Regular readers will remember that we’ve had a number of misadventures with our daughter’s pediatrician. This past Monday was our daughter’s annual check up, and our work schedules dictated that it fell on me to take her. It’s been YEARS since I actually saw the doctor face to face, but this was my chance.
I think my wife was more nervous than our daughter. She was coaching me on what to ask, how to respond to questions, what to expect. I thought it was all a bit much. All I really needed to know was the time of the appointment and whether the doctor tends to run on time. The answers, respectively were “10:45 am” and “Yes she does.” So I thought I was prepared. After all, I wasn’t the one getting examined, right?
It’s been so long since I’ve taken our daughter to the doctor, the clinic has actually changed locations. It my first time going to this new place, located in an industrial area a stone’s throw from the IKEA. I made sure I Google-mapped it and got there in plenty of time.
I started to have misgivings as soon as I pulled into the lot. The building looked only a quarter occupied and only half complete, and the fact that the elevator was lined with that fabricky stuff that you sometimes see on moving day led me to believe that this was the case. We got to the 4th floor and entered the waiting room.
Now, I don’t spend a lot of time in medical waiting rooms, thankfully, but this was the most spartan and uninviting waiting room I’ve ever been in. It was the “Parlour Coffee” or “Thom Bargen” of waiting rooms, if you catch my meaning. #localreference And like Parlour Coffee, there was no free wifi. There were no toys or books or magazines of any kind in the room either , and the chairs were the plastic, stackable kind that you might see at a community club. The whole thing looked like it was hastily set up that very morning, even though they’ve been in this location for at least a year. The only bit of decoration at all was a Christmas Tree and a Menorah, which was a nice balance, although things leaned towards the Jewish side because there was also a silvery banner that read “Mazel Tov!” Now, I’m no Jewish scholar, but I thought you shouted Mazel Tov at weddings, but what do I know? The banner had come loose at one end and so it dangled at a rakish angle towards the ground. It certainly didn’t look very mazel tovy to me.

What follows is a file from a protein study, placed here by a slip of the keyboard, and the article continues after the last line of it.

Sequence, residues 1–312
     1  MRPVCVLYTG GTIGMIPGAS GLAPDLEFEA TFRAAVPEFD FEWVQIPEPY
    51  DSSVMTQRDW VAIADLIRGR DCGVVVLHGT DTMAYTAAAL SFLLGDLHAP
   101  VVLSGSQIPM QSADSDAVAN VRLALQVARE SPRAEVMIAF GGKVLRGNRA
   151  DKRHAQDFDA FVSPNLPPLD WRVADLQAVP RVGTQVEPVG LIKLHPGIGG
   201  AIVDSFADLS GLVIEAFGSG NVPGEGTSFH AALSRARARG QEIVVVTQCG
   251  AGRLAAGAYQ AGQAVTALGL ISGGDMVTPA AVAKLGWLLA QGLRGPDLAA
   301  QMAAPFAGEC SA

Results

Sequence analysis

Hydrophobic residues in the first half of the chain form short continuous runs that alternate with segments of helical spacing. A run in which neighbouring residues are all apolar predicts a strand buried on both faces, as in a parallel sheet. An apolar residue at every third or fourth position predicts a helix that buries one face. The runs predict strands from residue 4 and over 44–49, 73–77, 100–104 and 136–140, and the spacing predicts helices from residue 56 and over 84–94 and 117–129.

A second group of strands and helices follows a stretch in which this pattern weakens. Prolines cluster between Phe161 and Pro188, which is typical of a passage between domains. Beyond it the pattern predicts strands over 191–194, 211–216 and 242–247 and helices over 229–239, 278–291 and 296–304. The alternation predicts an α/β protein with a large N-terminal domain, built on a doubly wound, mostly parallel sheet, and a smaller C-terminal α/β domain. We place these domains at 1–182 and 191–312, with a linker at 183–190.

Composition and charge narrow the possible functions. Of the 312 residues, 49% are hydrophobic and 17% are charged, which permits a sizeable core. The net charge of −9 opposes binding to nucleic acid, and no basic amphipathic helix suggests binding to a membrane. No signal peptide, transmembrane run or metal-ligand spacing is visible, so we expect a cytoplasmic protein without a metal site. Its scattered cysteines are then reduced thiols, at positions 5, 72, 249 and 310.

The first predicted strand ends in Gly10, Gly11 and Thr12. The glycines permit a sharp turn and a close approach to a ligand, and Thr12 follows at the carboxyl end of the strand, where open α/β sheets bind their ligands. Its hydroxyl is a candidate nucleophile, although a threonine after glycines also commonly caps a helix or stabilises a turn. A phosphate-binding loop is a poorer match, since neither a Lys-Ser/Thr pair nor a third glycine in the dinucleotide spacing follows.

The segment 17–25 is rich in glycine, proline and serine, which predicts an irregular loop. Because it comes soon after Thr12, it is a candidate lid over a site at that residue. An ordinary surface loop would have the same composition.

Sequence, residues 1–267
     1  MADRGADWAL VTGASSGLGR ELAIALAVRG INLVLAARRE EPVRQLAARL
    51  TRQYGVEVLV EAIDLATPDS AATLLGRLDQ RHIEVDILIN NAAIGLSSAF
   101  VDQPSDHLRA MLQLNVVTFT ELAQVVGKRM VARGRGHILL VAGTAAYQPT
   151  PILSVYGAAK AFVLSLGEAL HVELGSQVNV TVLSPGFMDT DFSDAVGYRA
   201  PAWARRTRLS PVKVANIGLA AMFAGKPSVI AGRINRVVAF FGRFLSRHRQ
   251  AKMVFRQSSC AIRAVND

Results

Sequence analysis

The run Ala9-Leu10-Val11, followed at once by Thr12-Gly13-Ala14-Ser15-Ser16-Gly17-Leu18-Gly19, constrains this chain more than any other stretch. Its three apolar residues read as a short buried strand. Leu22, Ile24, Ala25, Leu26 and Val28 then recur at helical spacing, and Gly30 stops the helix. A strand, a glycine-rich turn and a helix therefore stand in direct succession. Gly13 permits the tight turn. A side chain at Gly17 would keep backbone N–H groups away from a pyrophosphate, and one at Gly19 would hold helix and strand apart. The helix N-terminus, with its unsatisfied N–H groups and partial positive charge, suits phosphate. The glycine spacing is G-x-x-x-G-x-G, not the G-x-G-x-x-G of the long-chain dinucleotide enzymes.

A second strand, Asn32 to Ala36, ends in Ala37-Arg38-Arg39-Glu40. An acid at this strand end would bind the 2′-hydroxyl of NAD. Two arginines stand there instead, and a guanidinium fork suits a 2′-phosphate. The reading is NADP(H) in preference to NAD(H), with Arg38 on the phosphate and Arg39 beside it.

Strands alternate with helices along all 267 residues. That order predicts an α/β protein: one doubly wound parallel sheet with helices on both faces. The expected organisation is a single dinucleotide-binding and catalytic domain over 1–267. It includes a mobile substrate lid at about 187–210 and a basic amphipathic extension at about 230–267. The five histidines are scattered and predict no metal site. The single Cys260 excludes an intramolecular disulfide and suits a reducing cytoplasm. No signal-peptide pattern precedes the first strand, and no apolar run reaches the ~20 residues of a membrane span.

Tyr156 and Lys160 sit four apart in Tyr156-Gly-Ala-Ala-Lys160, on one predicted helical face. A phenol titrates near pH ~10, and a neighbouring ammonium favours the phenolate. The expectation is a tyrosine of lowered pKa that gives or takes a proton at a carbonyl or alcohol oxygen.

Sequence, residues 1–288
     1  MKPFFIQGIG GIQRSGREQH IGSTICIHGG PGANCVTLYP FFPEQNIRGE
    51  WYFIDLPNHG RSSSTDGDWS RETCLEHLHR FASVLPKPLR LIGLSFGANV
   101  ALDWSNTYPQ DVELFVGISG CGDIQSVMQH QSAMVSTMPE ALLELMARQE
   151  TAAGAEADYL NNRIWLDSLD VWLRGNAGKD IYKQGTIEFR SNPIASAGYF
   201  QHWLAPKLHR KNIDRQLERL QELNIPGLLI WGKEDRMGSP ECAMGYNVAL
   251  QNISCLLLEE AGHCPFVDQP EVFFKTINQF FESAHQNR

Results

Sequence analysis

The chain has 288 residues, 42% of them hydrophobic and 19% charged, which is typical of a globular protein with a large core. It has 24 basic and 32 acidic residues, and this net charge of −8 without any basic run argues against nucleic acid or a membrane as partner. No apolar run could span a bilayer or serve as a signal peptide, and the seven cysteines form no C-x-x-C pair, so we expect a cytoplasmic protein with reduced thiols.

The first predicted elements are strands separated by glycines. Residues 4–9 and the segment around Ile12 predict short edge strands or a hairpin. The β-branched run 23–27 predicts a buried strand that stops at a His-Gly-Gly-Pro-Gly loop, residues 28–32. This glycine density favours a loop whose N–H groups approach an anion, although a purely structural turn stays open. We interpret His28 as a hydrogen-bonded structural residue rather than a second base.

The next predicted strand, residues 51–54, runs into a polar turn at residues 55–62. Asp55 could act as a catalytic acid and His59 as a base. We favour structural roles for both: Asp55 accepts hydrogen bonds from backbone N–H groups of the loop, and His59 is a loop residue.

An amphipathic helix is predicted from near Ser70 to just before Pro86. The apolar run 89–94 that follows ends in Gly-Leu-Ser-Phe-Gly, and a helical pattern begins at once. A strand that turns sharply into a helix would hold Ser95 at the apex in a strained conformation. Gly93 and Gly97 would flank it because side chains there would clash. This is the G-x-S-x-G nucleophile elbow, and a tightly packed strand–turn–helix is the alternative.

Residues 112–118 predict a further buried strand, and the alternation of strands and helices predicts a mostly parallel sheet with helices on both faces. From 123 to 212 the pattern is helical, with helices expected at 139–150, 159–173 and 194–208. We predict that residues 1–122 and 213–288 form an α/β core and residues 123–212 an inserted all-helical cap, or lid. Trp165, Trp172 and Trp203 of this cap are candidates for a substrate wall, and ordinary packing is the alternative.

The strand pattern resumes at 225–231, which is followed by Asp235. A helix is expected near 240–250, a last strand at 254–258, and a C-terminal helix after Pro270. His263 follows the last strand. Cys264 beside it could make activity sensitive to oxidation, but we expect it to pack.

There were two flat screen TVs in the room, so I guess they decided as long as there was TV, who needs books, right? One of them showed “The Muppet Show” on a constant loop, and the other one was showing some dreadfully boring looking National Geographic/PBS style nature show that had a series of middle-aged bearded white guys talking to the camera, broken up with just a few tantalizing seconds of elephants running or dolphins jumping or what have you. The sound was turned down on that one, so it made it even more dullsville. You can guess which one we watched.
Now I know not to expect to get in right away at any doctor’s office, so when our appointment time came and went I didn’t fuss. We amused ourselves by watching The Muppets, seeing how tall we were on the single poster in the waiting room, and other stuff like counting the candles on the Menorah. My daughter actually said the word, “Menorah” out loud without being prompted, and I was so surprised I didn’t even think to ask her how she knew that word.
I believe I said, “Let’s count the candles on that candlestick.”
and she said, “You mean ‘Norah?”
“Did you just say Menorah?”